While it is widely assumed that Lebanon’s real estate business is rife with unethical dealings, only a few detailed examples of wrongdoing actually come to light. In the case of Eden Bay, a resort situated along Ramlet al-Baida—Beirut’s last public beach—evidence of violations and fraud piled up throughout 2017.
The disclosures culminated in the form of a report compiled mid-2017 by the president of the Beirut Order of Engineers and Architects (OEA), Jad Tabet. The report alleges eight violations related to Eden Bay and is informed by building documents released by the Municipality of Beirut. The report’s allegations range from the infringement of public property to the forgery of permit application material. As a whole, Tabet’s report portrays a development project for which legal obstacles were fudged or ignored entirely to deliver the lucrative seafront hotel. Public pressure from media coverage, a unified civil society movement, and even lawsuits initiated by NGOs and the environment ministry have not prevented the completion of the hotel.
With the façade completed in recent months and the resort aiming to open this April, Eden Bay’s opponents now view the ineffectiveness of these efforts as proof of the public sector’s failure to adequately govern the real estate market.
According to Tabet’s report, violations related to the hotel date back to before it was actually conceived.
Initially, the real estate giant that owns Eden Bay, Achour Development, had planned to establish a larger resort in the same location. To manage the project, Achour created a company named Beirut Marina Gate, which set about purchasing two plots of land in the area. In 2011, Beirut Marina Gate signed a contract to buy two parcels—numbered 3689 and 3687 by the Directorate of Land Registration and Cadastre (LRC)—from a company called Eden Rock Real Estate and Tourism.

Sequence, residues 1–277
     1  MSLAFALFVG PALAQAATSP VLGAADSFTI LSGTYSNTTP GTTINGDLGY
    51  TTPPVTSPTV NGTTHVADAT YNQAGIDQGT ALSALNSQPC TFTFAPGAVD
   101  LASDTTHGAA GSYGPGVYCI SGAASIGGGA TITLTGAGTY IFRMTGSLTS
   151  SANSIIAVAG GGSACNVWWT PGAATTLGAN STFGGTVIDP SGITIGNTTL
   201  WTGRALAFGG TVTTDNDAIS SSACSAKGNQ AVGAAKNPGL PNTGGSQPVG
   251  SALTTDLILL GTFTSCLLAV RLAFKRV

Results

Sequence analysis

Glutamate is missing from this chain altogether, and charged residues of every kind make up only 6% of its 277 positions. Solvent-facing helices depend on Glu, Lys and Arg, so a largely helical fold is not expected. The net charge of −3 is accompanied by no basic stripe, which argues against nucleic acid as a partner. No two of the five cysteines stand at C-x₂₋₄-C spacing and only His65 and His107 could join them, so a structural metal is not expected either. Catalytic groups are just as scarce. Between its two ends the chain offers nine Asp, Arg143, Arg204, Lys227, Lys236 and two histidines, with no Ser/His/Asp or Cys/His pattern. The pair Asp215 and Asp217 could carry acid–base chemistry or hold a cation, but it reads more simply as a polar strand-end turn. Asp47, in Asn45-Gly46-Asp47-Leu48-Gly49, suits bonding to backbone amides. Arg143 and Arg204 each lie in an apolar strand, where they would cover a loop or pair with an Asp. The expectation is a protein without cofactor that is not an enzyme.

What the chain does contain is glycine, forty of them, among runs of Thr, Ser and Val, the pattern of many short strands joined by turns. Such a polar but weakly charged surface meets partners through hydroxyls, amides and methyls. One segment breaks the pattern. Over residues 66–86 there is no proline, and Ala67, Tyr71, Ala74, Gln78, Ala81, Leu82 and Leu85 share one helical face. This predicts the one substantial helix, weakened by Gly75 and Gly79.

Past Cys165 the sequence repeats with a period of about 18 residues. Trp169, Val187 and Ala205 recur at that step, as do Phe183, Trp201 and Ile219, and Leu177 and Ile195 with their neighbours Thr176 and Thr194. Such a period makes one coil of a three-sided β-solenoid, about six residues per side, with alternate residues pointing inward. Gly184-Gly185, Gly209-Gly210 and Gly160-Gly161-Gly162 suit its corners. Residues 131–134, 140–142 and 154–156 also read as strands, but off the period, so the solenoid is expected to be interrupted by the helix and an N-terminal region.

But, according to the report, Parcel 3689 was the product of an illegal merger that combined four smaller plots earlier the same year. Two of these component plots were categorized as non-buildable and therefore could not be merged with the others that were eligible for development.
However, in a letter dated June 6, 2012 and seen by Executive, Beirut Governor Chebib requested that the LRC remove the non-buildable status classifications from the properties. The LRC complied, merging the plots into Parcel 3689 without the required approval from the judiciary.
Lama Karame, a lawyer with the non-profit Legal Agenda that monitors public policy, says that the unification of the parcels is one of several violations that should have prevented the construction of Eden Bay from moving forward.
Despite the apparent illegal origins of Parcel 3689, it was sold in 2011 along with Parcel 3687 to be used for Achour’s resort, which was also named Eden Rock. Cynthia BouAoun, an architect that has contributed to the coastal protection campaigns of the heritage advocacy NGO Nahnoo, says that Achour then pooled Parcels 3687 and 3689 in a move that grouped them but did not formally merge them in the records of the LRC. This, she says, was done in order to meet the 20,000 square meter minimum developable threshold that was required to build the Eden Rock resort in the zone.
For reasons that have not been publicly disclosed, Achour later dropped its plans for Eden Rock, having only completed the necessary Environmental Impact Assessment (EIA) for the project, according to the report. The developer incorporated a new company, Eden Bay sal, to oversee the establishment of a smaller resort. Karame says that Parcels 3689 and 3687 were ungrouped by the LRC and the former was transferred to the new Eden Bay project; however, she explains that the Municipality of Beirut was not informed of this change, so when Parcel 3689 was transferred to Eden Bay, the project was entitled to a larger building than what would have been allowed if the decision had been based on the size of Parcel 3689 alone.